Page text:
In accordance with Corps regulations at 33 CFR 330.4(c), denial of WQC for activities authorized by the NWPs also results in the Corps denying authorization under a NWP for those activities without prejudice.  Anyone wanting to perform Clean Water Act, Section 404 regulated activities under a NWP must first obtain an individual WQC or waiver thereof from the appropriate WQC authority and must submit a pre-construction notification to the Corps Albuquerque District.  Clean Water Act, Section 401(a)(1) requires certifying authorities to establish public notice procedures for all individual WQCs.  The Corps will not require or process an individual permit application for an activity which may result in a discharge and otherwise qualifies for an NWP solely on the basis that the WQC has been denied for that NWP.  Also, in accordance with Corps regulations at 33 CFR 330.4(c)(6), the Corps will presume WQC is waived if a decision has not been issued by the WQC authority within 60 calendar days from the receipt of an individual WQC application and verification of authorization under a NWP will be provided to the permittee.

Applicants should contact the appropriate WQC authority for more information about how to apply for individual WQC. 

For a list of contacts for tribes in the state of New Mexico please consult the Tribal POC list.

WQC for Standard Individual Permits (IPs)

New Mexico & Tribal Lands:

For all activities that require an IP, applicants must either submit an application to the NMED, to the tribes listed above, or to the EPA for tribes not listed above to obtain Individual WQC.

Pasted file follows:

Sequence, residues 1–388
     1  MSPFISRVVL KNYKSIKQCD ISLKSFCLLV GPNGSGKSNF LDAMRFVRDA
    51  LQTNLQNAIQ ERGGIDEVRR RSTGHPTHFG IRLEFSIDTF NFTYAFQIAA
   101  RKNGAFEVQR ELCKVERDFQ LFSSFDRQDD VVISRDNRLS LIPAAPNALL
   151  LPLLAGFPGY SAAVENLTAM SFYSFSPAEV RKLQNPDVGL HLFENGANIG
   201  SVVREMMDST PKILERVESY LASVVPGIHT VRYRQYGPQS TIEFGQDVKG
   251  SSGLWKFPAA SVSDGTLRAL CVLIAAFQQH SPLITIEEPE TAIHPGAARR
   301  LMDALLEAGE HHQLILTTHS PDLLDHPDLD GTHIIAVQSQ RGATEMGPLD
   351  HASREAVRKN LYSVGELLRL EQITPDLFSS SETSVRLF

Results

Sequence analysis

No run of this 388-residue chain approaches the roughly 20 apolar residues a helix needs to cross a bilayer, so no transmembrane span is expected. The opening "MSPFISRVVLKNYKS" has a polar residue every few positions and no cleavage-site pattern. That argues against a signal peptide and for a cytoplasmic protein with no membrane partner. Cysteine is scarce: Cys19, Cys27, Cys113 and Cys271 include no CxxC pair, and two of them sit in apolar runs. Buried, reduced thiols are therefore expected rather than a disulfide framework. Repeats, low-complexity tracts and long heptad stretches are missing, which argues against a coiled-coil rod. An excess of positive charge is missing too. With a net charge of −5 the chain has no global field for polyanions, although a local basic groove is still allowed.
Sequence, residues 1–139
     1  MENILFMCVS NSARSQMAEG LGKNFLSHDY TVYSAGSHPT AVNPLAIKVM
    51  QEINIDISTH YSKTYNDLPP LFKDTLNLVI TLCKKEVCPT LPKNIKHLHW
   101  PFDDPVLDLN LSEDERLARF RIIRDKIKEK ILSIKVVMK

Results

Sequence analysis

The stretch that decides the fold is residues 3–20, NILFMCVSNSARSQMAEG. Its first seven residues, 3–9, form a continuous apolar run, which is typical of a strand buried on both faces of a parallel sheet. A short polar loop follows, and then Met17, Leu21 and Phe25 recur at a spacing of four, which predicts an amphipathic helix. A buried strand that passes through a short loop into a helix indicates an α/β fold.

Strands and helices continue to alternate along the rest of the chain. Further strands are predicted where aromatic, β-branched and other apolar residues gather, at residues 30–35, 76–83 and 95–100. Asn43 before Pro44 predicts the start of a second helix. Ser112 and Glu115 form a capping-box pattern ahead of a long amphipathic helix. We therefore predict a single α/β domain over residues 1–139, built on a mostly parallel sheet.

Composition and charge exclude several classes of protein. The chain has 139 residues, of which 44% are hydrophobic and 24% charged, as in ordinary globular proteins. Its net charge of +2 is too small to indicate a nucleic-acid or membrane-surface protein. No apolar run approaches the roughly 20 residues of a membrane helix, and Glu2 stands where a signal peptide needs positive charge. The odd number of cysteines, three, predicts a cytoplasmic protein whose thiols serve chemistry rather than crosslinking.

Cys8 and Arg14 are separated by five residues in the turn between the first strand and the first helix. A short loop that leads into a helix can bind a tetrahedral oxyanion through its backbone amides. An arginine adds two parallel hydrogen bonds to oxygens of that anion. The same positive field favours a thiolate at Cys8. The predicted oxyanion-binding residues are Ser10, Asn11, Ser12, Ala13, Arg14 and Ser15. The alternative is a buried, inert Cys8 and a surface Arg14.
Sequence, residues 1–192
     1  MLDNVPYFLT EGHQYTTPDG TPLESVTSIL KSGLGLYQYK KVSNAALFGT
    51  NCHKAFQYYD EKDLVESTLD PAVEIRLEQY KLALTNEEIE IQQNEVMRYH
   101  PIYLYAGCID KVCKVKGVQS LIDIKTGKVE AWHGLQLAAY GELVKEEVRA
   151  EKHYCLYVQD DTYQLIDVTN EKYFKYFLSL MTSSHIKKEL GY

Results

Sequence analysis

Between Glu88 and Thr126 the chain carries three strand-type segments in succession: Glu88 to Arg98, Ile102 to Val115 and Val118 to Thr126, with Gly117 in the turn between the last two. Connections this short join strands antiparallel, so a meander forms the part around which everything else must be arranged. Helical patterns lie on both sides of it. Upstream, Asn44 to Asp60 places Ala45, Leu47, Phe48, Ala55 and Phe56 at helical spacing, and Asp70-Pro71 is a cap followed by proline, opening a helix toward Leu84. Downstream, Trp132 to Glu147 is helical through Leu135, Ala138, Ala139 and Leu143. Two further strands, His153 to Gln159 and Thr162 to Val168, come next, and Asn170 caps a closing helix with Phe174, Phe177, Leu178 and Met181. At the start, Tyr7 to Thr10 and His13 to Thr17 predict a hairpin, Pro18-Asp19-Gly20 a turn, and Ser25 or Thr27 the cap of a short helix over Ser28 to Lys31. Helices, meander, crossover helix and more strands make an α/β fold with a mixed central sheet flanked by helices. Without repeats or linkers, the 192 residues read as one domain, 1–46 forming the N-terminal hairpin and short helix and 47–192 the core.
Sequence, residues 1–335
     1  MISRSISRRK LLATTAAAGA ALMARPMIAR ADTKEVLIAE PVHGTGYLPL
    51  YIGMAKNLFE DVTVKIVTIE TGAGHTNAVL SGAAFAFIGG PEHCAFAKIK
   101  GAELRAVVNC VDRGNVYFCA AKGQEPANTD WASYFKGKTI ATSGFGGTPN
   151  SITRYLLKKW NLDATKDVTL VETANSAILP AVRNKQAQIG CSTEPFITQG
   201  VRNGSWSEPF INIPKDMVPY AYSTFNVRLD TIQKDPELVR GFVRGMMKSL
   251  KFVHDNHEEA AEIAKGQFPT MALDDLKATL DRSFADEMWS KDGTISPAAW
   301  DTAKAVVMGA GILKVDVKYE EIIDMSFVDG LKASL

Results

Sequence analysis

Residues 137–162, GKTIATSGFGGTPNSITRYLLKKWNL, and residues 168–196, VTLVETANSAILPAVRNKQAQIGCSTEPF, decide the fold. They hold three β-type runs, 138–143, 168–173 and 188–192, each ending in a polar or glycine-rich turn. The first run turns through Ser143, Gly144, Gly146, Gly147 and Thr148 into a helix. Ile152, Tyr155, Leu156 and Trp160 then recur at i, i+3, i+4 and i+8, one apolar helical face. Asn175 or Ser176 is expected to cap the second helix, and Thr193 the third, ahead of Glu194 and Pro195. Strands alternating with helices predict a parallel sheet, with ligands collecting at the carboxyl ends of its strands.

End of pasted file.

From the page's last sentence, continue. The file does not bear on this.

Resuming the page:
Texas:

The TCEQ and the Corps developed a tiered system of review for all IP applications based on project size and the area of waters affected. Generally, for small projects (Tier I) that affect less than three acres of waters in the state, or less than 1,500 linear feet of streams, TCEQ has determined that incorporating certain Best Management Practices (BMPs) and other requirements into the project will sufficiently protect water quality. Any project that does not qualify for a Tier I review, or for which the applicant elects not to incorporate Tier I criteria, or prefers to use alternatives, will be considered a Tier II, which is subject to a certification review by TCEQ. Please note that completion of a questionnaire is not required in order for a Section 404 application to be considered administratively complete by the Corps, but is required for the TCEQ to process a request for WQC. If the project qualifies for Tier I, then the applicant must complete the required BMPs form and submit it to TCEQ. If the project does not qualify for Tier I, if the applicant is unable to follow the BMPs, or if the applicant chooses not to follow the Tier I requirements, then the applicant must complete and submit the Section 401 certification questionnaire and the alternatives analysis checklist to TCEQ.

TCEQ State Water Quality Certification of Section 404 Permits


Colorado:

The Colorado Department of Public Health and Environment (CDPHE) authorizes WQC for activities in the State of Colorado. Applicants must submit an application to the CDPHE for Individual WQC.  The state of Colorado has established submittal requirements for projects applicable to the provisions of the Colorado 401 certification process.